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Lucia Day -- or St. Lucy's Day -- ranks importantly on the Swedish calendar. It honors a young Christian girl, martyred in ancient Rome, who is always portrayed with her head encircled by a halo of lights. Though not officially part of Advent, for many Swedes Lucia Day forms the gateway to the Christmas season.
Lucy means “light.” Lucina is the Sabine goddess of Light, who was often pictured holding a plate of cakes (later mistaken for eyeballs) and a lamp. She was later absorbed into an aspect of Juno, Juno Lucina, who is goddess of childbirth, bringing children to light. Since Lucy's day falls right before (or, before the calendar change, upon) the winter solstice, she can be seen as the midwife of the miraculous sun-child who is born at Yule.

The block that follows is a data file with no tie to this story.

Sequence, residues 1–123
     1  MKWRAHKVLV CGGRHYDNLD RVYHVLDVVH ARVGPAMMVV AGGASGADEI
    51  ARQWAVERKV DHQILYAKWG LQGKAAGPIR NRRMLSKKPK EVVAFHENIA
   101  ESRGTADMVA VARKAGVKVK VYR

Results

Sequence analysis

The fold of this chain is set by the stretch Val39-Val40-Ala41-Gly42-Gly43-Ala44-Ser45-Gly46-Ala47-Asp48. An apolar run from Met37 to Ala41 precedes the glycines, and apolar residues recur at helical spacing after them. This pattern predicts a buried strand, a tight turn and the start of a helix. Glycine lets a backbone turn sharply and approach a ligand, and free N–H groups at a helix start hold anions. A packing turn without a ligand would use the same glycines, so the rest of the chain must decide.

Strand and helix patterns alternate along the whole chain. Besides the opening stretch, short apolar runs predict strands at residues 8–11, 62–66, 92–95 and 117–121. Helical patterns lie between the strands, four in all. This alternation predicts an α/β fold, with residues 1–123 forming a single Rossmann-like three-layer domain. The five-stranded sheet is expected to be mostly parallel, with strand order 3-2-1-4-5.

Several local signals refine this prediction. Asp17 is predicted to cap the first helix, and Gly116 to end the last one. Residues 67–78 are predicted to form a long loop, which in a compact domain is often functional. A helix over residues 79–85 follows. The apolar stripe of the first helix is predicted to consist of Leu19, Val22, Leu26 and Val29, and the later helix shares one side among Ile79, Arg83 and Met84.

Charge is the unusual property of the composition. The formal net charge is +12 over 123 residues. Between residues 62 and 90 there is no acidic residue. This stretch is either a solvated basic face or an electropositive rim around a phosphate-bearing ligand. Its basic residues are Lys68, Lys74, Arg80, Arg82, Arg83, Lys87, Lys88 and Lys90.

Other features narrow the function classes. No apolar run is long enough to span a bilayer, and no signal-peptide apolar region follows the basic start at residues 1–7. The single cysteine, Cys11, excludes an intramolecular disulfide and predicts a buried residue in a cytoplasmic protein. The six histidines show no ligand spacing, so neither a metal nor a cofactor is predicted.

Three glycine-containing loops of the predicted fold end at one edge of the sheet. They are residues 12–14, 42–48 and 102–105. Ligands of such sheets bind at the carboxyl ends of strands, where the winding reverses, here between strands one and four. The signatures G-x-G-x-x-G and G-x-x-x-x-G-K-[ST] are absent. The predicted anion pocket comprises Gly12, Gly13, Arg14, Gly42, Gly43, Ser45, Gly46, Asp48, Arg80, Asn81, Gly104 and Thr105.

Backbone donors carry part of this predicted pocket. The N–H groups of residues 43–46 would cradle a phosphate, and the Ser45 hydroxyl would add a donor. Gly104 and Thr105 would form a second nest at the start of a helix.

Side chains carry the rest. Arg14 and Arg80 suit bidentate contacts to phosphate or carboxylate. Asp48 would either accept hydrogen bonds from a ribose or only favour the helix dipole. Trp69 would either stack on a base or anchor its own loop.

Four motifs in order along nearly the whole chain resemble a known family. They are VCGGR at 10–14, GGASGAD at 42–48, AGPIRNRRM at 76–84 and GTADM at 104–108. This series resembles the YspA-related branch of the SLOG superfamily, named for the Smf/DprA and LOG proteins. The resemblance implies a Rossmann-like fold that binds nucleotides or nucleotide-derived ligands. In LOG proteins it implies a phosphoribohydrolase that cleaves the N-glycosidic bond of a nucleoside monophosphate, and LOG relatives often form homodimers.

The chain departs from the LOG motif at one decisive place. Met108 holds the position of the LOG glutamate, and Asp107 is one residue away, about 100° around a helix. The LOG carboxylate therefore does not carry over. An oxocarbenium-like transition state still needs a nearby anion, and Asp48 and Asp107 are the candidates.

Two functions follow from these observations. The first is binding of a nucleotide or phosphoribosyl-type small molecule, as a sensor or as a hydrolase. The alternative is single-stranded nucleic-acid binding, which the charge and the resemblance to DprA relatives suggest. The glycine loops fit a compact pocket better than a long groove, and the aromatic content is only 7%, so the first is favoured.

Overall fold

School of the Seasons
To celebrate, decorate your table with a centerpiece designed to resemble Lucy's crown: affix seven candle holders to a circle of evergreens and insert white tapers. Lucia Day has light as its central theme. Serve your favorite brunch or tea fare along with julglögg (a Swedish mulled wine), a cake called Saint Lucy's crown, X-shaped buns called lussekattor and ginger cookies called luciapepparkakor.
Kirsten St. Lucia Holiday Gown
Saint Lucy Medal
Family Matching Snowflake Pajamas
St. Lucy's Day Print
Personalized Christmas Stockings